Beer Experiments - Brulosophy

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Beer Experiments - Brulosophy

Postby BigYin » Sun Apr 29, 2018 12:44

A brewing mate at work introduced me to this :

http://brulosophy.com/projects/exbeeriments/

It's fascinating - idea seems to be to take almost any aspect of brewing, then take that one variable and do two brews identical in every aspect except that one variable, then take those results and get a bunch of folks to do a blind taste test to see if there's any actual difference.

It challenges a lot of the 'accepted wisdom' in a logical way.

The one that really drew my attention is this one on Mash temperatures and the effect on final gravity - http://brulosophy.com/2015/10/12/the-mash-high-vs-low-temperature-exbeeriment-results/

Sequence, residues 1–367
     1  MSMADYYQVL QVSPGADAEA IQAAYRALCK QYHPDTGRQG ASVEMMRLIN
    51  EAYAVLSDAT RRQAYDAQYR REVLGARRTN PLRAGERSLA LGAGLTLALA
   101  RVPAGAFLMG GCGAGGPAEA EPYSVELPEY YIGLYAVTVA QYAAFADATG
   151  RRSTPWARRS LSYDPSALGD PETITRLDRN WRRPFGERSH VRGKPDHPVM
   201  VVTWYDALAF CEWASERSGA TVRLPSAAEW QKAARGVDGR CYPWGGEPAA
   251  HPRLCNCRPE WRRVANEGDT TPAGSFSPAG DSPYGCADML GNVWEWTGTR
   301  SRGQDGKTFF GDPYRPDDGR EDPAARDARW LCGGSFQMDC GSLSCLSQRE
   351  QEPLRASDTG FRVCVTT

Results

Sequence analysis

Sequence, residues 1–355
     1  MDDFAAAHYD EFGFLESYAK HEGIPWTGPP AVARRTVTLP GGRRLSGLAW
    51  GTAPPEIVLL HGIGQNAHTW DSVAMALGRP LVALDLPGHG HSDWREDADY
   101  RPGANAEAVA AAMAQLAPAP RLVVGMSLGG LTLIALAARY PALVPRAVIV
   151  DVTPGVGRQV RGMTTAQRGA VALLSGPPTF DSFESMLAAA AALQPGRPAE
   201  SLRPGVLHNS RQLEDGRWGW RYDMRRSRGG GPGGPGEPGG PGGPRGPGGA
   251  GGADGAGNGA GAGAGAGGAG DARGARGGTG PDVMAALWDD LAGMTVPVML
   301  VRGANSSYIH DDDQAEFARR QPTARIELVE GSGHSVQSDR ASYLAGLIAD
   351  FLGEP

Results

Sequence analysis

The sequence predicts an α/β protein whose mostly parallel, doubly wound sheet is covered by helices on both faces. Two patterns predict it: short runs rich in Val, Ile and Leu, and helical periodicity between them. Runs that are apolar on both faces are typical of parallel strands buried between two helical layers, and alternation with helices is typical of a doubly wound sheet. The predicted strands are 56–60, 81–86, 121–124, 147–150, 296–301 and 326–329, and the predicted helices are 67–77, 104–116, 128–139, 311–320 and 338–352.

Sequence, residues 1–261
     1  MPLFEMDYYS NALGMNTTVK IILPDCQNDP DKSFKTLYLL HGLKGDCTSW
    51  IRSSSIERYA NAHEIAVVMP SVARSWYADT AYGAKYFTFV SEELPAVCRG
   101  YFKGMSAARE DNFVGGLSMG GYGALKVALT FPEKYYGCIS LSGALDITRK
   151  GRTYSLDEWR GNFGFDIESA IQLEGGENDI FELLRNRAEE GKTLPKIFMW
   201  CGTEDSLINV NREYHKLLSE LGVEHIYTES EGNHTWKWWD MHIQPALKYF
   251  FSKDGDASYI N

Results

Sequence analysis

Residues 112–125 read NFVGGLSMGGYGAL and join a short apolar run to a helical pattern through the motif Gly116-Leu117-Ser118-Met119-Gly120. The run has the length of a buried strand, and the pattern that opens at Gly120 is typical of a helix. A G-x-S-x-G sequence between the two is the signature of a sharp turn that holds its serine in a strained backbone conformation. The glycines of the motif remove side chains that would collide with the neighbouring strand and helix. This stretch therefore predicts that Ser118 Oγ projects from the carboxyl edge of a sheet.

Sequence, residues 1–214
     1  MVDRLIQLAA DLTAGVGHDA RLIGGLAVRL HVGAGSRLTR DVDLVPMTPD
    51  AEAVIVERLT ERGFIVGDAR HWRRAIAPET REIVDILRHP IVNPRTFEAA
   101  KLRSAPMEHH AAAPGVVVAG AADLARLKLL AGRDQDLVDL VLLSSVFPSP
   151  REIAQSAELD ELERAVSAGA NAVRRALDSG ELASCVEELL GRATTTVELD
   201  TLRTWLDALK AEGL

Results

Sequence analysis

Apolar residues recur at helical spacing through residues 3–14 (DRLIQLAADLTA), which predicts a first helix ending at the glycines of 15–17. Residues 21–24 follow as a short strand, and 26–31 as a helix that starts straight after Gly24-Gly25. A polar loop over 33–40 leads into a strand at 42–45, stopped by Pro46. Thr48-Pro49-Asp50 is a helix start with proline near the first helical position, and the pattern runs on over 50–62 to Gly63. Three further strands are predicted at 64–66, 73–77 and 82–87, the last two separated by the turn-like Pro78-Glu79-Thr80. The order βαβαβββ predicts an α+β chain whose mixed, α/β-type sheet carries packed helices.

The lower mash temp finished at 1.005 – 9 points lower than the high temp mash (1.014) :o

The temps used are in Fahrenheit : 147f = 63.9c / 171f = 71.7c

I’m really interested in this as my mash temps tend to be in the 66c to 68c area and the beers often finish short of the target FG….

So I’m going to aim for 63c mash temp for the next brew :drink:

It's also interesting that you could use this info to lower the ABV in a brew - maybe to get a session beer :cheers:
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Re: Beer Experiments - Brulosophy

Postby rats_eyes » Sun Apr 29, 2018 13:44

Brulosophy is a great project. Full of interesting things without being stuffy. They also have a podcast which is just as great, well worth a listen.
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Re: Beer Experiments - Brulosophy

Postby Cheebs » Sun Apr 29, 2018 16:30

I enjoy brulosophy also. There isn't a huge amount of scientific rigor, but they openly admit that. At the beginning of the year I brewed two "identical" beers on consecutive days, with different water. I was certain I could tell the beers apart before don't a triangle test myself and was fascinated to find out that I couldn't. See my "tale of two teas" brewlog. I'll definitely be doing more